Get to working on your degree. When you get within a 1-2 years of graduating, knock out the AFOQT and TBAS (google them), and start calling up bases and asking to come up for drill weekend. DO NOT waste your time talking with the recruiters, they have no bearing on our pilot hiring process. Find the base operator number and ask to talk with a pilot in OPS. Tell them you're interested in applying for a pilot slot and ask to come to drill. Visit the squadron MULTIPLE times, hang out at the bar after flying, converse with the pilots. Don't be over bearing and try to wow them with your 500 hours, many never flew light GA and couldn't care less. We just want to get to know you and see if you're someone we're ok with being "stuck" with for the next 20 years.

Best of luck!
View Quote View All Quotes
View All Quotes
Discussion ForumsJump to Quoted PostQuote History
Originally Posted By RagingWhite:
Originally Posted By 101VooDoo:
Is your dad a Guard Pilot, or General?

That's the only sure way to guarantee a slot.
Maybe back when the F-101 was new... I was hired into a fighter squadron and not a single person in my family had served in the Guard or reached a rank above E-5 in any military service. I recently sat on a hiring board where one of the applicants fathers was a retired pilot from the squadron...he didn't get hired. My squadron places a lot of emphasis on guys who are currently serving in the Wing and many of us were prior enlisted, at our base. Having said that, we have hired plenty of, "off the street guys."

Get to working on your degree. When you get within a 1-2 years of graduating, knock out the AFOQT and TBAS (google them), and start calling up bases and asking to come up for drill weekend. DO NOT waste your time talking with the recruiters, they have no bearing on our pilot hiring process. Find the base operator number and ask to talk with a pilot in OPS. Tell them you're interested in applying for a pilot slot and ask to come to drill. Visit the squadron MULTIPLE times, hang out at the bar after flying, converse with the pilots. Don't be over bearing and try to wow them with your 500 hours, many never flew light GA and couldn't care less. We just want to get to know you and see if you're someone we're ok with being "stuck" with for the next 20 years.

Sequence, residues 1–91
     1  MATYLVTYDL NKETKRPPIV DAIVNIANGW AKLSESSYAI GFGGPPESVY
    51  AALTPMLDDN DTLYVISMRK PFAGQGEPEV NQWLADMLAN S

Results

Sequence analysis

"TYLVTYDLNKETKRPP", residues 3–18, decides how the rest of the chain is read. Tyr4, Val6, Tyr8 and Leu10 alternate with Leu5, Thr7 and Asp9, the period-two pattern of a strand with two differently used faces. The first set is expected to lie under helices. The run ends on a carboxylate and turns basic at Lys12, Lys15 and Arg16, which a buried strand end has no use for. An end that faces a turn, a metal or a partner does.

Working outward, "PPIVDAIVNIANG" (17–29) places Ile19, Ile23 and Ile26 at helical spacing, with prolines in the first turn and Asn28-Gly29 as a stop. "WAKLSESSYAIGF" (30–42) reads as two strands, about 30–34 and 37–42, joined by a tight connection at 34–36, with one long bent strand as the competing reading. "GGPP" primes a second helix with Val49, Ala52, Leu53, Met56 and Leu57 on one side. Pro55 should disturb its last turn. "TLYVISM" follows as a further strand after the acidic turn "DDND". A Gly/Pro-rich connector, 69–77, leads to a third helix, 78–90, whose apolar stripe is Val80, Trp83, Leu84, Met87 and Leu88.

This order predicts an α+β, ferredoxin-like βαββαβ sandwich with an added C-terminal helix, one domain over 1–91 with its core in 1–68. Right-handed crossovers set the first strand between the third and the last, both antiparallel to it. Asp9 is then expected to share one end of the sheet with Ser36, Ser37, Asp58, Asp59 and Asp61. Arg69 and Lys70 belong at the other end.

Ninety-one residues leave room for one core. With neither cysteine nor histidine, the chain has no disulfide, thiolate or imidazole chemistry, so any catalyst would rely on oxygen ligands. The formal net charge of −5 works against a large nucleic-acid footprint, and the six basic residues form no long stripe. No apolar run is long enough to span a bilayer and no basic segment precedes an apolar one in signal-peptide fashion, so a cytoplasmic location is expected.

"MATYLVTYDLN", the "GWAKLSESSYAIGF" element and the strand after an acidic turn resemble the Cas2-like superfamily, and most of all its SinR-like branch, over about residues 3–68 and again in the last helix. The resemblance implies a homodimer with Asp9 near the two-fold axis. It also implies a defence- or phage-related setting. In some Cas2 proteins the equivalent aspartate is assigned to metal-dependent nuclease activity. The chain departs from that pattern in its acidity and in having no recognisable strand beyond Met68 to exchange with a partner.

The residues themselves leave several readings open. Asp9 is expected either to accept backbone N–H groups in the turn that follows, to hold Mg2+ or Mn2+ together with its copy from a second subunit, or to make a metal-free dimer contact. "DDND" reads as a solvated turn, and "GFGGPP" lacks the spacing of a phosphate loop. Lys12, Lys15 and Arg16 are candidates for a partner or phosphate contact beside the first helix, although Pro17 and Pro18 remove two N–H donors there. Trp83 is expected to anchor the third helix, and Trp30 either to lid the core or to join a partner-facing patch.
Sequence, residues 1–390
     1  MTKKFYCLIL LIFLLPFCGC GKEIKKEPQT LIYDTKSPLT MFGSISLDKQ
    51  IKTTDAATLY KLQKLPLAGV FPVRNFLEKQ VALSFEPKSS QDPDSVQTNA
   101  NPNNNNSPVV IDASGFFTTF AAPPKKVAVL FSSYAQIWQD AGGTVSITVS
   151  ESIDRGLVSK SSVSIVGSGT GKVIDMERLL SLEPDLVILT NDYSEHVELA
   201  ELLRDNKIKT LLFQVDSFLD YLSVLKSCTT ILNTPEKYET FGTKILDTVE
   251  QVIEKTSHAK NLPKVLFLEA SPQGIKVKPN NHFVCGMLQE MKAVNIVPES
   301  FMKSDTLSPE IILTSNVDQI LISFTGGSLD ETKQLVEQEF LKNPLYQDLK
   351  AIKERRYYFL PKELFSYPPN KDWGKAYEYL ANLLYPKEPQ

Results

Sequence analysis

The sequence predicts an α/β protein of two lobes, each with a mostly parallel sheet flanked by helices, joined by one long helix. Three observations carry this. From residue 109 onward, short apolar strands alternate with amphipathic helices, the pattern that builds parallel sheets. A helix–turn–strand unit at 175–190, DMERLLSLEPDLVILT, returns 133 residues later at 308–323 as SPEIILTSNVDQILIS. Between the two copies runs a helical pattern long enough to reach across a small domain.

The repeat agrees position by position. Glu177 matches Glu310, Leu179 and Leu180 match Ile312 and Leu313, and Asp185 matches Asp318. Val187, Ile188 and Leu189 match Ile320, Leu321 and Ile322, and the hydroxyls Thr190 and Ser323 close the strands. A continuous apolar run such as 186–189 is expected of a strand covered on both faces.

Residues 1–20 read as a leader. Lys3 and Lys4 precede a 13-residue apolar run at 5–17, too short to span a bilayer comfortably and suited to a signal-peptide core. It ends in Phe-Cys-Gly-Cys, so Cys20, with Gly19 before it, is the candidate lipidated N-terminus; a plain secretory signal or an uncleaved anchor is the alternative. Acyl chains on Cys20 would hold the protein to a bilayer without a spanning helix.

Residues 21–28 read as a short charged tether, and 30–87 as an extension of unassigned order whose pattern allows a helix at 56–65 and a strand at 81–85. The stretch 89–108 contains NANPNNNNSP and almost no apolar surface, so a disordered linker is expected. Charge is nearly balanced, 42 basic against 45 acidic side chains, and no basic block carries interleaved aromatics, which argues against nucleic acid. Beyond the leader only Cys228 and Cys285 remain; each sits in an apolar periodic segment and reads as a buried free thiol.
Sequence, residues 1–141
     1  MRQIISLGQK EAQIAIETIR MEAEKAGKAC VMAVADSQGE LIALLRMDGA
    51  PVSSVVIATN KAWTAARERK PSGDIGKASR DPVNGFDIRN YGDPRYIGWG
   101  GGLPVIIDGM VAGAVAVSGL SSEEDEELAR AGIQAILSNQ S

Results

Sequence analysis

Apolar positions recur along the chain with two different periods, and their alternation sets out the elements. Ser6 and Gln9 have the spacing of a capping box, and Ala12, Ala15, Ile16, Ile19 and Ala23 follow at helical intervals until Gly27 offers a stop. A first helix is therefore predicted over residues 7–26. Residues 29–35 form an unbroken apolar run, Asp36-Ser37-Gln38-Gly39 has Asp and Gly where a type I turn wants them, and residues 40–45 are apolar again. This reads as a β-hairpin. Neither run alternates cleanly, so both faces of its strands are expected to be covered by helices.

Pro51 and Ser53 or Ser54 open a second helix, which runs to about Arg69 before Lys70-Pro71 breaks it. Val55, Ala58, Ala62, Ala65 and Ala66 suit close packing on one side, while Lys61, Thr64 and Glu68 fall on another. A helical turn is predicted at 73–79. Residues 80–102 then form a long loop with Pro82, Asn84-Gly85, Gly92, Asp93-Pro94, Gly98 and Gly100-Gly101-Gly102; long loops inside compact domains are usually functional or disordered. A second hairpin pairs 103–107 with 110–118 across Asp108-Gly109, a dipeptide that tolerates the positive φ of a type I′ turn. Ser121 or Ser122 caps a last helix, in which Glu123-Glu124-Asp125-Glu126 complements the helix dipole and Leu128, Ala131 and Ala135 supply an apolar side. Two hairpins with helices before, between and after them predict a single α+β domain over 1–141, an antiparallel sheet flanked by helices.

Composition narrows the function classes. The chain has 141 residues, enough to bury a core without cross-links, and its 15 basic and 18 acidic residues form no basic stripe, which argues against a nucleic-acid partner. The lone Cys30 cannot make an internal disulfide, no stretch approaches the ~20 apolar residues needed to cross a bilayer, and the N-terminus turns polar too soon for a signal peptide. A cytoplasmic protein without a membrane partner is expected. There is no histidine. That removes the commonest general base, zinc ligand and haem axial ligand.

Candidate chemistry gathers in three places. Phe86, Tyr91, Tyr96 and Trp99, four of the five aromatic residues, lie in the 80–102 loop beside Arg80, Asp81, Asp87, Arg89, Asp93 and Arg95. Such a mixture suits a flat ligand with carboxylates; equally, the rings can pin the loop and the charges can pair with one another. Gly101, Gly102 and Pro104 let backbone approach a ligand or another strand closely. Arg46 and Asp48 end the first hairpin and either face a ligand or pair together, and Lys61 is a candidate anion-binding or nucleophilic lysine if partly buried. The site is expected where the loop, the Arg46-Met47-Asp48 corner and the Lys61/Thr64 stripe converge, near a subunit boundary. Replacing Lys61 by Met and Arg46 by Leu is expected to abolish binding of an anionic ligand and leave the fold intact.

Best of luck!
Awesome advice straight from the horses mouth as it were.

The Guard track has always fascinated me, because it's the Best track that nobody ever knows about, until they're already in the business. I've made it a point to ask every Guard pilot I've ever flown with, how they got in. Out of at least 87, a small handful said they transitioned from an enlisted position. The vast majority had serious inside connections. I met one girl who almost got a slot, but failed the medical. As RW said, it is possible to crack the code, If you are a natural networker and willing take the initiative.
Link Posted: 8/21/2017 9:24:19 PM EST